Libido Lockdown: How Coronavirus Killed My Sex Life
Coronavirus anxiety and the struggle to feel sexy
2020. Year of dashed hopes, ruined plans, social distancing, covered faces, stress and anxiety – plus a renewed appreciation for the NHS and all keyworkers. How did you spend the COVID-19 lockdown? Did you use the time to slow down, listen to your needs, learn a new language, reach your peak of physical fitness, begin a new hobby or craft? …me neither. I don’t know anyone who did, to be honest.
When the UK lockdown started mid-March, the Brits went peak British. We put the kettle on, had a strong cup of tea, mustered the so-called ‘Blitz spirit’, rallied, shook our collective fists at coronavirus, made jokes on Twitter – then went and bought all the bog roll we could get our greedy mitts on. Still not sure why toilet paper is the go-to crisis panic buy, but the factories literally couldn’t churn them out & get them on the shelves fast enough.
After stashing our cupboards with mountains of loo roll (and baked beans and teabags), and playing Beat The Neighbours during the weekly NHS clap, it was time to take a deep breath and attempt to somehow Get On With Life. Ok, so schools were out, and everyone had to try and work from home, unless you couldn’t work from home -and because schools were out, the people who usually worked from home couldn’t actually work from home… but we’d do our best. Positivity and optimism, that’s what we needed.
“See this as an opportunity!” social media posts preached on the daily.
“Use the time to reach your full potential!” bleated countless tone-deaf articles.
None of this was inspiring. All it did was induce dangerous levels of guilt. There’s a difference between trying to stay positive and optimistic, and seeing a global pandemic as a fantastic chance to “become the best you you’ve ever been!“.
I personally spent March, April and May hoovering up comfort food, alternating mugs of tea and wine, masochistically tuning into the daily televised UK government news reports in case there were Important Updates, and rocking back and forth in sheer terror. These were the days, if you remember, when we’d been shunted from our ordinary lives into a dystopian alternate reality where we were suddenly only allowed out for one daily walk round the block.
Mind you, exercise? Furthest thing from my mind. You could keep your Joe Wicks, thanks. It was all I could manage to drag on some clean pyjamas to hang the laundry out in the garden.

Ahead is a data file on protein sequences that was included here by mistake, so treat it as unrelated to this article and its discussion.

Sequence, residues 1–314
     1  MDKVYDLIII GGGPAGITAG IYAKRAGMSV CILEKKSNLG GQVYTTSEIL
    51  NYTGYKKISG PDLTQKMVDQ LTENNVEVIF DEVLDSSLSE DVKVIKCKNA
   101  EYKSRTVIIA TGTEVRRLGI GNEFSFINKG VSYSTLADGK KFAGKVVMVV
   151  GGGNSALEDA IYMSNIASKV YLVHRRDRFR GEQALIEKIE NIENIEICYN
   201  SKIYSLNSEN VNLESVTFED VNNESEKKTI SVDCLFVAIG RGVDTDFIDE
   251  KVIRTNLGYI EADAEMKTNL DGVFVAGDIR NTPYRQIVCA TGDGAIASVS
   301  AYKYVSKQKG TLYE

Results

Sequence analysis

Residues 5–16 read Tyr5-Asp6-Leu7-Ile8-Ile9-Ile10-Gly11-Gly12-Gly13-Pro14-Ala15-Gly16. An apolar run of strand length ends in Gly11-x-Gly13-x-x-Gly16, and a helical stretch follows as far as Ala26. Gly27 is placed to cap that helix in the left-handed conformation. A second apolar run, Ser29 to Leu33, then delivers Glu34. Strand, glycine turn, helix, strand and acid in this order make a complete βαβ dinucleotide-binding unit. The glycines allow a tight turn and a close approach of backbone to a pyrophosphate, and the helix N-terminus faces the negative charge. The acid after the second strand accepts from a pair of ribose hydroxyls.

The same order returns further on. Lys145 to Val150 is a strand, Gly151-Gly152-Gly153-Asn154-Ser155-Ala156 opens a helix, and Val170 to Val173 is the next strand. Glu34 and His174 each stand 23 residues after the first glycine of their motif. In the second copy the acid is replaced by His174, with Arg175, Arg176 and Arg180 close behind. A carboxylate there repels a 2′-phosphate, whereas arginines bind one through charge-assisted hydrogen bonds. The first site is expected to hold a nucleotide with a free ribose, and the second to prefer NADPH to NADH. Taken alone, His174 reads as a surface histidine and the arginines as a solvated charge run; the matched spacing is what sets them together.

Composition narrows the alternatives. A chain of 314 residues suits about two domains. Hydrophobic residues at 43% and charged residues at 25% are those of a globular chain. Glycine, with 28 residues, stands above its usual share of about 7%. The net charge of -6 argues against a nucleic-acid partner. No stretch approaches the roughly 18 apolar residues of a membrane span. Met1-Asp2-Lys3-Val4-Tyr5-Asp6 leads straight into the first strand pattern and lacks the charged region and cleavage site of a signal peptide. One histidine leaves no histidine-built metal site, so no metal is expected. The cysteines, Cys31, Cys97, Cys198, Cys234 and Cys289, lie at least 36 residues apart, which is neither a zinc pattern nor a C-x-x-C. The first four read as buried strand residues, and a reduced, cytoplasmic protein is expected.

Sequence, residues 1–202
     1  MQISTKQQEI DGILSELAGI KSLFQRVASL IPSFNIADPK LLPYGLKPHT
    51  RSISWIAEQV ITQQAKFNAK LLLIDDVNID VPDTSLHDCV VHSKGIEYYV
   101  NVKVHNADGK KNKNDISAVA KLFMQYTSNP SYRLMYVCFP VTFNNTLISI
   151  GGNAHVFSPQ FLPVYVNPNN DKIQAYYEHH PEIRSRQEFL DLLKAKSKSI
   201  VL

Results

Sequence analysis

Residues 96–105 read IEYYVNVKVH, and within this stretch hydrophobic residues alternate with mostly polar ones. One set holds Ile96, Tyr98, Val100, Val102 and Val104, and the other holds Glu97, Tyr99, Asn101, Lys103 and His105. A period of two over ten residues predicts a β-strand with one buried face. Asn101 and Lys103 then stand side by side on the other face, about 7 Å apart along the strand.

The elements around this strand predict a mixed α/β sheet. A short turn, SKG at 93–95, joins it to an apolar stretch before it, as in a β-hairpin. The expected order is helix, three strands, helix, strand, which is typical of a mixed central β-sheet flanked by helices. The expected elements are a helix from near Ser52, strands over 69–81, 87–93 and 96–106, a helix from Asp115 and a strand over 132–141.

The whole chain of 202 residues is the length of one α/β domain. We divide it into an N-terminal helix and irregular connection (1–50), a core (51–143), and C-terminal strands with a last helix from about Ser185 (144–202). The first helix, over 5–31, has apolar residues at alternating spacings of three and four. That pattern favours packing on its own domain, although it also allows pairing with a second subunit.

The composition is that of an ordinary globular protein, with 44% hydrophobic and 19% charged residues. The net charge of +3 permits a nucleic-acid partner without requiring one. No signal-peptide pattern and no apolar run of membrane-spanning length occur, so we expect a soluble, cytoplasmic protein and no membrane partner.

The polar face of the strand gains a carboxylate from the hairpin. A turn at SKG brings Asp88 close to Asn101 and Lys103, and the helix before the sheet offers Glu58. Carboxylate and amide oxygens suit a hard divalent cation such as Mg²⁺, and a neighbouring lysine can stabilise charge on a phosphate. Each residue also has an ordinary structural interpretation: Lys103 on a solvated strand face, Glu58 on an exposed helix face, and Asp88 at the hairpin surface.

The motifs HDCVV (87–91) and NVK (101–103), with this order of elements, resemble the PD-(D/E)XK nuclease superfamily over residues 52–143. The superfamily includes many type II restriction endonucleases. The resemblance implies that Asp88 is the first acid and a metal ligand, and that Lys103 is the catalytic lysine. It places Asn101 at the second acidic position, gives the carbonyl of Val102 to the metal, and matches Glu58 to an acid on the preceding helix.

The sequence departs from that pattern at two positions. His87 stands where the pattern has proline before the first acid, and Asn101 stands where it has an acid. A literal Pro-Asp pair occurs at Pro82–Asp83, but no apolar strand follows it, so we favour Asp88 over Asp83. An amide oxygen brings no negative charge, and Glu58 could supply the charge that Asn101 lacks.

As time has gone on, I realise that part of the anxiety I’ve been feeling – aside from the fact that there’s a global pandemic for which there’s no known cure or vaccine as yet – has been the inability to acclimatise to ever-changing ‘new ways of living’. The constant state of flux – with the daily onslaught of expert advice, not-so-expert opinions vomited all over social media and regularly changing guidance and laws to remember – means that my stress levels have been through the roof since March. I’m sure I’m not alone.
This year it feels like everything has changed. I never envisaged that during my lifetime that:
- There’d be such a thing as ‘social distancing’
- That I’d have to strictly limit how many people I invite to my home
- That they’d have to be part of whatever a ‘bubble’ is
- That the politest and most decent thing to do when you see someone on the street is to give them a massive berth
- That I’d have to douse my hands in sanitiser upon entering a building
- That I’d have to regularly cover my face.
This kind of living was for apocalyptic Hollywood movies, set in London or New York, not a rural village in Lincolnshire, England. Films, where heroes save everyone from the impending doom. This stuff just doesn’t happen in ‘real life’. Well, until 2020.
I’m tired of living in ‘unprecedented times’. I very much miss precedented times, thank you very much.
Over spring and summer it’s become clear that this coronavirus, COVID-19, isn’t some whirlwind ‘bug’ which is going to disappear or be banished anytime soon, as we’d all hoped. As time has gone on, the struggle to live with this virus amongst us has intensified.